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The Vedanta Sutras of Badarayana, Commentary by Sankara (SBE38), tr. by George Thibaut [1896] at

16. (What scripture says about absence of all specific cognition) refers either to deep sleep or union (release); for this is manifested (by the texts).

By 'entering into one's own Self' is meant dreamless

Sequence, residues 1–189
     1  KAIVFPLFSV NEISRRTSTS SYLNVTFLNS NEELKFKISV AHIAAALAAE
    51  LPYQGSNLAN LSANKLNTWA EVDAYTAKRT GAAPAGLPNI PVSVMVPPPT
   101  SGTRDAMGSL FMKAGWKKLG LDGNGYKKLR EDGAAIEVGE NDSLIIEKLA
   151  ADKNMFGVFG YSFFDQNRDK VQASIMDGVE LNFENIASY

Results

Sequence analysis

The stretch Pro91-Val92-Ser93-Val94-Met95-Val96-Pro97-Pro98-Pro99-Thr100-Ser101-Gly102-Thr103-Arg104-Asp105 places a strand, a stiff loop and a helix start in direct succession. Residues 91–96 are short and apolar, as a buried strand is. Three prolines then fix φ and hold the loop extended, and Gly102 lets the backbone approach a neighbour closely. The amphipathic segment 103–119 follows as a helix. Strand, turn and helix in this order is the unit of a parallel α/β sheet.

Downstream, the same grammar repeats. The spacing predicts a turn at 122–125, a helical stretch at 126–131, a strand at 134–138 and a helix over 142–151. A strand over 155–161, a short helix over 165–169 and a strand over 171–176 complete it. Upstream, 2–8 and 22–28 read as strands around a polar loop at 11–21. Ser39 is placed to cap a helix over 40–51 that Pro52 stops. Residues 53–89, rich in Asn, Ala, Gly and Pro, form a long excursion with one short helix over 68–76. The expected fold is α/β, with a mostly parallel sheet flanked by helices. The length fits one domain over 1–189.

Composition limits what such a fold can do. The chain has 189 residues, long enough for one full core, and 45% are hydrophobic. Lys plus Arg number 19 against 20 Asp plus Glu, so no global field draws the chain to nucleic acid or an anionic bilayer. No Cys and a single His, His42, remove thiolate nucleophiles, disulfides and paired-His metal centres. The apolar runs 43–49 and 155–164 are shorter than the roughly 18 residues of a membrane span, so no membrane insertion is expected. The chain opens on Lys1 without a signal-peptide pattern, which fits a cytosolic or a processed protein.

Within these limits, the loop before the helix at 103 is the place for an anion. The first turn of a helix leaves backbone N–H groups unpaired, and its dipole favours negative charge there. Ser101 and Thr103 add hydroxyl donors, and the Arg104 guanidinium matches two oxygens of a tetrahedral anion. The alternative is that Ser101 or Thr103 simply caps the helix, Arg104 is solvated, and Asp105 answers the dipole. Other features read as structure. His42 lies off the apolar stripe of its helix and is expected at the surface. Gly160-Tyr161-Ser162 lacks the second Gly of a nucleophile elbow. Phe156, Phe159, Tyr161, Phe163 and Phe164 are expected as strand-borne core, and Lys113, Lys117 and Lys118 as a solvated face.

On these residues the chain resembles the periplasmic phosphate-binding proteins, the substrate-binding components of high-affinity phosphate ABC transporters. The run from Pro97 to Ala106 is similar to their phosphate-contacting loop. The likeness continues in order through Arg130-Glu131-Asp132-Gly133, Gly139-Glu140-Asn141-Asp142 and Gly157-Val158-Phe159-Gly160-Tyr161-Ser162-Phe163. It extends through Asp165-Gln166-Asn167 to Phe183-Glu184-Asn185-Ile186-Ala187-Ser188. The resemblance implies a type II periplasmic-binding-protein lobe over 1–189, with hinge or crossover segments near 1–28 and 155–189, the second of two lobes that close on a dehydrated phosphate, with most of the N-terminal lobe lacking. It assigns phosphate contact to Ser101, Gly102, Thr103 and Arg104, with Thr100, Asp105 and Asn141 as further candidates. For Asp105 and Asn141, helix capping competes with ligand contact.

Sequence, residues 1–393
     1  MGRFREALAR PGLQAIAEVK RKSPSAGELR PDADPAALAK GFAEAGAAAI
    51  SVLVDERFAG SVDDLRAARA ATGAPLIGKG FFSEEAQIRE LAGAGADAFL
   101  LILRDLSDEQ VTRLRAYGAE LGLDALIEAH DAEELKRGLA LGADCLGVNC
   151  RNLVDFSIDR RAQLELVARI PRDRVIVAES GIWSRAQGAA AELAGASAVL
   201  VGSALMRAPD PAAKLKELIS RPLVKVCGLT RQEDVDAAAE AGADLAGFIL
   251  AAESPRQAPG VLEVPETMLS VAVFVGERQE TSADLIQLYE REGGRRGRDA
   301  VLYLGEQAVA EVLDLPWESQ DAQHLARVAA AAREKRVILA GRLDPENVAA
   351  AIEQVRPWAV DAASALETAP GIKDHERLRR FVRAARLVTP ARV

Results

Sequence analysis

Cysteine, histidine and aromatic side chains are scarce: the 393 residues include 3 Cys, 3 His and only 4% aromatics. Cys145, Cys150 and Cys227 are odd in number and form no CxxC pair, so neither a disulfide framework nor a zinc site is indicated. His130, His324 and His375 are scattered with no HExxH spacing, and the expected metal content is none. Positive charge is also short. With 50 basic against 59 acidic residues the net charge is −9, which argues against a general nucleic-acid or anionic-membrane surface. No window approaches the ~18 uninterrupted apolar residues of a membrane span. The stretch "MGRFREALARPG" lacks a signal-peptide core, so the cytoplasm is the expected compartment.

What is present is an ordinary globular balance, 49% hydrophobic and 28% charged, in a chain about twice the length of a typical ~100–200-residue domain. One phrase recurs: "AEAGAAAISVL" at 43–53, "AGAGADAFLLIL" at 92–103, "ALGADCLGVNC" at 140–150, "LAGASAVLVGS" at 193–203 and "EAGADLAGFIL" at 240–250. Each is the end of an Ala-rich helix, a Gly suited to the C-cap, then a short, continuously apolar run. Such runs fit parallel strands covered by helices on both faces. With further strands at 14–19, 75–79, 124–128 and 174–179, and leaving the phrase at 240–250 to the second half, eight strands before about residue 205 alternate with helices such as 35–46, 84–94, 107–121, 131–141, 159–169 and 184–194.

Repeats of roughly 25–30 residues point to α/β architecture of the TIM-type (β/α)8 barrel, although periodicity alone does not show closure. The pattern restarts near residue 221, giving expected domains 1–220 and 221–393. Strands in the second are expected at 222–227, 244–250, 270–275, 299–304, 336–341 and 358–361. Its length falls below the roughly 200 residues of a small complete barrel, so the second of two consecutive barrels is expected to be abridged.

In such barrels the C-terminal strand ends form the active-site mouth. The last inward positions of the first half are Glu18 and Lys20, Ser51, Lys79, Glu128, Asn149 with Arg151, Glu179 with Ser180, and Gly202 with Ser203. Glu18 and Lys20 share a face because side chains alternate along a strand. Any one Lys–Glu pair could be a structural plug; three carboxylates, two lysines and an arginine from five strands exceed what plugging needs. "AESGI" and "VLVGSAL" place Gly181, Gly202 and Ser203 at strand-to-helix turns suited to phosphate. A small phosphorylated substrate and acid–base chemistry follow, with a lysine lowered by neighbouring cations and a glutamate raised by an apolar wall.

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sleep; according to the text, 'He is gone to his own Self, he sleeps they say' (Kh. Up. VI, 8, 1). 'Union' means blissful isolation (final release), according to the text, 'Being Brahman he goes to Brahman' (Bri. Up. IV, 4, 6). What the texts say about absence of specific cognition is said with reference to either of those two states, dreamless sleep or final release.--How do we know this?--Because this is 'manifest,' owing to the fact that those two states form the topic there (where absence of all cognition is mentioned). Compare the passages, 'Having risen from out of these elements it perishes again after them. Having departed there is no more knowledge;' 'But where the Self only is all this;' 'Where when asleep he desires no more desires, and dreams no more dreams' (Bri. Up. II, 4, 12; IV, 5, 15; IV, 3, 19).--Those passages, on the other hand, which describe lordly power refer to an altogether different condition, which--like the heavenly world and so on--is an abode where qualified knowledge produces its results.--Thus there is no contradiction.

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